Another quarter, another loss for Pandora, the pioneering digital radio company founded sixteen years ago. Overall revenue was up year-over-year, at $343 million. The company’s net losses ballooned significantly year-over-year, however, from $16.2 million in Q2 2015 to $71.8 million this quarter, due to several factors; sales and marketing costs increased $29.8 million, interest expenses went from $124,000 to $6.2 million, and “other” losses went from $256,000 in the black to $5.9 million in the red, among other increased expenses.
Content acquisition costs — royalties — stood at $176.6 million for the quarter, or 51 percent of total revenue. As well, “revenue was below expectations due to softening of the media advertising market,” CEO Tim Westergren said during today’s earnings call. Westergren touted the company’s $2 billion paid in royalties to the recording industry as well — pointing to the charm offensive he has embarked on this year.
Pandora’s stock went through hell last October, when shares plunged 35 percent in a single day following worries of Apple Music’s ascent, and eventually reached a near-all-time low of $7.88 in February after it posted disappointing full-year numbers. The company responded aggressively, acquiring pieces of the defunct streaming service Rdio after that company’s bankruptcy declaration, with which it plans to build its own on-demand offering, and ousting CEO Brian McAndrews, replacing him with Westergren.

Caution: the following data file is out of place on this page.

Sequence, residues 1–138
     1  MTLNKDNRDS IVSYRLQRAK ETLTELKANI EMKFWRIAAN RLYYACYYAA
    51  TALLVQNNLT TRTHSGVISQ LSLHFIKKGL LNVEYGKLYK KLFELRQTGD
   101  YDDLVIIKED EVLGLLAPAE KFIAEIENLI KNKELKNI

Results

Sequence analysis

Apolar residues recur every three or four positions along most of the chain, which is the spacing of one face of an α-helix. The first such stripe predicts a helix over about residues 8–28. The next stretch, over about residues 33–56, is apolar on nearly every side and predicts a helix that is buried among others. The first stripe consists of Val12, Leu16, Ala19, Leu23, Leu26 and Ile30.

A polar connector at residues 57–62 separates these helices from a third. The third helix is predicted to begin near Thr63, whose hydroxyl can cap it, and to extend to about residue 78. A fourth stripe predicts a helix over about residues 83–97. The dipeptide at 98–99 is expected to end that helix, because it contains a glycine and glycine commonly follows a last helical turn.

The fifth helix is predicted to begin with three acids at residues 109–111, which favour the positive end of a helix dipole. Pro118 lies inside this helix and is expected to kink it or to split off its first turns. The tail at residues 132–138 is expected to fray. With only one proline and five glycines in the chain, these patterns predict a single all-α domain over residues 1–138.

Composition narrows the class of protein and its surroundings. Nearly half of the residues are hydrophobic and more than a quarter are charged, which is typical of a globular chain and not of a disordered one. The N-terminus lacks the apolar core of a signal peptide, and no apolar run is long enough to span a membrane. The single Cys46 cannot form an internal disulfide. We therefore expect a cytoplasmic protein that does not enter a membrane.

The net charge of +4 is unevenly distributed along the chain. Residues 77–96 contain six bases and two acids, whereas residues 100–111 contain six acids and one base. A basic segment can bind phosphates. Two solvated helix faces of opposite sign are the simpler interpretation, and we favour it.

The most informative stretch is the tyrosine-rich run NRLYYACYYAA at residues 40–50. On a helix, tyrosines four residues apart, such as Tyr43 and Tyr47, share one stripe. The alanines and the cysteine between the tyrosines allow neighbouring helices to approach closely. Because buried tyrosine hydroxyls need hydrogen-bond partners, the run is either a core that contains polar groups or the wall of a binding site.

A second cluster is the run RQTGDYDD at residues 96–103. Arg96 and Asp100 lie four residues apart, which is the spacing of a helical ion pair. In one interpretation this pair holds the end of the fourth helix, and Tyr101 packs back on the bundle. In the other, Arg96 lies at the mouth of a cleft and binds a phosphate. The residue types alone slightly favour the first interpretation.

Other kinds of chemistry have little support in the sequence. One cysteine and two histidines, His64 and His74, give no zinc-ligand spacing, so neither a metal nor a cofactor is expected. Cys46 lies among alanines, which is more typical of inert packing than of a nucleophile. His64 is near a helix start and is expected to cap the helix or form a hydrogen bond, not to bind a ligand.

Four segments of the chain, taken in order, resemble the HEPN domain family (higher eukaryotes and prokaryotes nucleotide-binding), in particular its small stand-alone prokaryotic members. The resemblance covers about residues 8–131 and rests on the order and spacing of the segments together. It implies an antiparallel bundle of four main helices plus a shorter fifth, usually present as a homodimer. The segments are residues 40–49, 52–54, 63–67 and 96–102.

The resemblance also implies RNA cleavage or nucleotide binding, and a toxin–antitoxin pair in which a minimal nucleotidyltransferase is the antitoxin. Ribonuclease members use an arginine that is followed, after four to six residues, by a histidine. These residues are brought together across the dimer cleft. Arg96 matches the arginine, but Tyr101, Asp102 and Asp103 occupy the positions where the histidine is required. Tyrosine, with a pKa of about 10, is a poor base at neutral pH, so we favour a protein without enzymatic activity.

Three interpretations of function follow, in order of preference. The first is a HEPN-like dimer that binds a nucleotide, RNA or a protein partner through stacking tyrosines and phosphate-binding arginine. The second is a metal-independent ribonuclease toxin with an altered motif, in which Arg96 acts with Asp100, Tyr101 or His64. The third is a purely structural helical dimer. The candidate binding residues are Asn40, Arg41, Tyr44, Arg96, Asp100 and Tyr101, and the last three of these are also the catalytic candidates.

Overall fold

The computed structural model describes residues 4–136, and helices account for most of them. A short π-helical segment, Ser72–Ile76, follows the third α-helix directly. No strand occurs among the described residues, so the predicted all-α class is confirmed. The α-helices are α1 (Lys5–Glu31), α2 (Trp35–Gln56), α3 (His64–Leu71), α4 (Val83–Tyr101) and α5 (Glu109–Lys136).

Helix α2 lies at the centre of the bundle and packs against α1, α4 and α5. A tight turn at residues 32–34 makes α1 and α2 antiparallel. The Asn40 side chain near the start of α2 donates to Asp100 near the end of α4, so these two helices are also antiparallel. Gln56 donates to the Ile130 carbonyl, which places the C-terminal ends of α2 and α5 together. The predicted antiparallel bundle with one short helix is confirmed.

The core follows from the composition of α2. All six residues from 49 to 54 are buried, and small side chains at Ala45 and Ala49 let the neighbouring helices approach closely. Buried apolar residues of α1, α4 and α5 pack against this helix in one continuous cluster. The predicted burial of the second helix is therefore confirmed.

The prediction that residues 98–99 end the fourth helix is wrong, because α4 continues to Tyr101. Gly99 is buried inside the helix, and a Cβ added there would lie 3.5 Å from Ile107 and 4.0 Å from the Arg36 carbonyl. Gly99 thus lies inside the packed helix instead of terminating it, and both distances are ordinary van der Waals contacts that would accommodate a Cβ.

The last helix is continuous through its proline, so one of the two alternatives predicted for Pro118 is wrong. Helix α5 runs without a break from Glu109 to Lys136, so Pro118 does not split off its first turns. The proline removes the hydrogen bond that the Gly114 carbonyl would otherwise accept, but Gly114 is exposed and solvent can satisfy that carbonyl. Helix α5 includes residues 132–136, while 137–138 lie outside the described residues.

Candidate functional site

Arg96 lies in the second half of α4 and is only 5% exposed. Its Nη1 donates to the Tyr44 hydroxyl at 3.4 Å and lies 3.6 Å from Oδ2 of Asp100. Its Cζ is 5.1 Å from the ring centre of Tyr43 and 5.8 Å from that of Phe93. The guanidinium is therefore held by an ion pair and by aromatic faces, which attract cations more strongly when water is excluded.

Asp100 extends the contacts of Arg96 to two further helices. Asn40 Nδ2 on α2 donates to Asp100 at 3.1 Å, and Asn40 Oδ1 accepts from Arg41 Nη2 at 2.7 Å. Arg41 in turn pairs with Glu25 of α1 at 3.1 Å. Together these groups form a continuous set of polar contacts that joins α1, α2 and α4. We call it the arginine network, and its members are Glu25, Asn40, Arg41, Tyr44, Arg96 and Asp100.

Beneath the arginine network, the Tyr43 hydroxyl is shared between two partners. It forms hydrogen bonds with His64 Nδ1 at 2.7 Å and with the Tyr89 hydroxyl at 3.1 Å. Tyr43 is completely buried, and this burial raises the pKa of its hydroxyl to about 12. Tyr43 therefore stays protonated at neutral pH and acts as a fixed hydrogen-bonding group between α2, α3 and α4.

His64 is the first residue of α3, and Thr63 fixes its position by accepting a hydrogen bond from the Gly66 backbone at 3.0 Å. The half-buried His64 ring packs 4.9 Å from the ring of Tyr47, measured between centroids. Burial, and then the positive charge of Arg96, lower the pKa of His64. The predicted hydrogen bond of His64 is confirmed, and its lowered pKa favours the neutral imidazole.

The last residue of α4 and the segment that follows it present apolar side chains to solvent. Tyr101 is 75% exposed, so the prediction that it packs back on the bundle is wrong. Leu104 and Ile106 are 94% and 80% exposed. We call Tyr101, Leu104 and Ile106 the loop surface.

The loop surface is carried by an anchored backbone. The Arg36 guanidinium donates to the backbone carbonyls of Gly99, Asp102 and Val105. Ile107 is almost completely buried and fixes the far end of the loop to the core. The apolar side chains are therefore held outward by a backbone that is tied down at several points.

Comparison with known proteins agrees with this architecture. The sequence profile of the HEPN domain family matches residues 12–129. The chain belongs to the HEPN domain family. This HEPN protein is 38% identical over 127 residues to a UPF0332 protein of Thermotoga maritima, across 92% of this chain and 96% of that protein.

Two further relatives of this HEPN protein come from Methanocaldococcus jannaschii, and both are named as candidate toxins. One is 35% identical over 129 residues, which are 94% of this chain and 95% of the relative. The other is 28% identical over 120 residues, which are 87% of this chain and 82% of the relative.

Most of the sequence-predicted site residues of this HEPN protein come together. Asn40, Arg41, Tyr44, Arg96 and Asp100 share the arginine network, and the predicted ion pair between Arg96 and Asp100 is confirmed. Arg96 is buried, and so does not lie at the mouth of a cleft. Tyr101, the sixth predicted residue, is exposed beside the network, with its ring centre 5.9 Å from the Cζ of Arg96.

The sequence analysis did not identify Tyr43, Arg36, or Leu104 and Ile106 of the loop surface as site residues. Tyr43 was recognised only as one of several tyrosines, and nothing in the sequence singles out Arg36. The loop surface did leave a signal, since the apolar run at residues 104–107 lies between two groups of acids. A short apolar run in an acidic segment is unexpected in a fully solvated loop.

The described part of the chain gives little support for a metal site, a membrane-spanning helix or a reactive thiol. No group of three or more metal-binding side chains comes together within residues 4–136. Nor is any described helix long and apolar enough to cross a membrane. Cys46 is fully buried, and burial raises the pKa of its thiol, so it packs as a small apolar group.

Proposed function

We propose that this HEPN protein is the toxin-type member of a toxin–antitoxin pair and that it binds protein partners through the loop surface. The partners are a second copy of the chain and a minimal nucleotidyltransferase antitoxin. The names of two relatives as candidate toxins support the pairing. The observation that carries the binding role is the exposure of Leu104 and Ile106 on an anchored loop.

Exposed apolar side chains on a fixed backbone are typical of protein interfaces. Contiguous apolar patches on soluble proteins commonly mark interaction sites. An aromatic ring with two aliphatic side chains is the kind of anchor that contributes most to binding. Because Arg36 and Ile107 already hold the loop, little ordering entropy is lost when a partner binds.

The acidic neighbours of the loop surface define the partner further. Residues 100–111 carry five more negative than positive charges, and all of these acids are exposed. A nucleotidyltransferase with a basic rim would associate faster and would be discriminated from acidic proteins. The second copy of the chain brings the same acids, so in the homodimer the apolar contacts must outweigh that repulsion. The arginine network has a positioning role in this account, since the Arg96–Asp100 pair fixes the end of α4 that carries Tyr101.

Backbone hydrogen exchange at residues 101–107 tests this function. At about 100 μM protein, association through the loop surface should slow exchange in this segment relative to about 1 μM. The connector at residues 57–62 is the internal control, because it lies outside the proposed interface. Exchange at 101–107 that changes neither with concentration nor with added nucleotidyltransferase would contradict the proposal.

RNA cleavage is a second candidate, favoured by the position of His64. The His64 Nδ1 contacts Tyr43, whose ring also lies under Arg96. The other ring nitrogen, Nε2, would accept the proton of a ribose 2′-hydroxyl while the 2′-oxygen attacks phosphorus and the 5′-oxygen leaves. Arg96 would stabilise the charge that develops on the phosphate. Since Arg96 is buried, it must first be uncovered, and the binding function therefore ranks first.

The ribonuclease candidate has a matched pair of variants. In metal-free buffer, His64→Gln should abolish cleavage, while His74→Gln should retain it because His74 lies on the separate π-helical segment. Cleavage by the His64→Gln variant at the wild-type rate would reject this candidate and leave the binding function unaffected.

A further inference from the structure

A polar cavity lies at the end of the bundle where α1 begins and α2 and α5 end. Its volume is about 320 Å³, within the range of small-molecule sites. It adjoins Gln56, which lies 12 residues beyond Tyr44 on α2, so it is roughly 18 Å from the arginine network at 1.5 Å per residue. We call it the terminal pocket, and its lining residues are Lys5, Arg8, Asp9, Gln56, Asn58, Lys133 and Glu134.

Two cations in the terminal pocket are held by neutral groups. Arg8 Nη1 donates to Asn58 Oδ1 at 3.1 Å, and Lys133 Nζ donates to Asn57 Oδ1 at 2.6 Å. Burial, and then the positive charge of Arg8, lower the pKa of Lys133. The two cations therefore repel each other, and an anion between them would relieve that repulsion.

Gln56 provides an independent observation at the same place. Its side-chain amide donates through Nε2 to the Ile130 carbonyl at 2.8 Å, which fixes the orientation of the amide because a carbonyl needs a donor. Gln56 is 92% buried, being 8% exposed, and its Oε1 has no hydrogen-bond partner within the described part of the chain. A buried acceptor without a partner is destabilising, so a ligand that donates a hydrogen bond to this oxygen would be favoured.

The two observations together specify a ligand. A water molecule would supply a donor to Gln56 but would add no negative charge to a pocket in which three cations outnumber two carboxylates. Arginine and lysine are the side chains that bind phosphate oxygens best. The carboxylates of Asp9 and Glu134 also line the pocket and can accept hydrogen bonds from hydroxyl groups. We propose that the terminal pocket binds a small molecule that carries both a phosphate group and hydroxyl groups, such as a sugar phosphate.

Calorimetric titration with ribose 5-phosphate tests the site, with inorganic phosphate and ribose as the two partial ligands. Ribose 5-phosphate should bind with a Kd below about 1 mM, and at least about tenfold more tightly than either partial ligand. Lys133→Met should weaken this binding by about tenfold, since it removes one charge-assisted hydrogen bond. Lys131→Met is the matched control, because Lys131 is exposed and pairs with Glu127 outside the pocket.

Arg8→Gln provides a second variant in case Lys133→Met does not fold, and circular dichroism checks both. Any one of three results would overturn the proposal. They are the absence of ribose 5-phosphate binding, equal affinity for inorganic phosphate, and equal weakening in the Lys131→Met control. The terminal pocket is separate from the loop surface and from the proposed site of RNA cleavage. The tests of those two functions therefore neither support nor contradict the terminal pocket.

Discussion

Referencing that upcoming service, Westergren said during today’s earnings call that it is having “very productive negotiations with the three major labels” ahead of its launch, and CFO Mike Herring said it was speaking to a host of indies as well. “Pandora plans to deliver a powerfully differentiated music experience to accelerate growth and deliver value to listeners, music makers, advertisers and ultimately shareholders,” Westergren writes in today’s earnings release.
Rumors percolated in February that the company was looking for a buyer, which now seem to have been coming from Liberty Media, owner of SiriusXM, which the Wall Street Journal reported today had floated an offer that Pandora’s board refused, and that the company had courted both Amazon and Apple. Shares jumped 10 percent on that news, before flattening down below the day’s opening price.
As the company’s earnings call is underway, this story is still developing…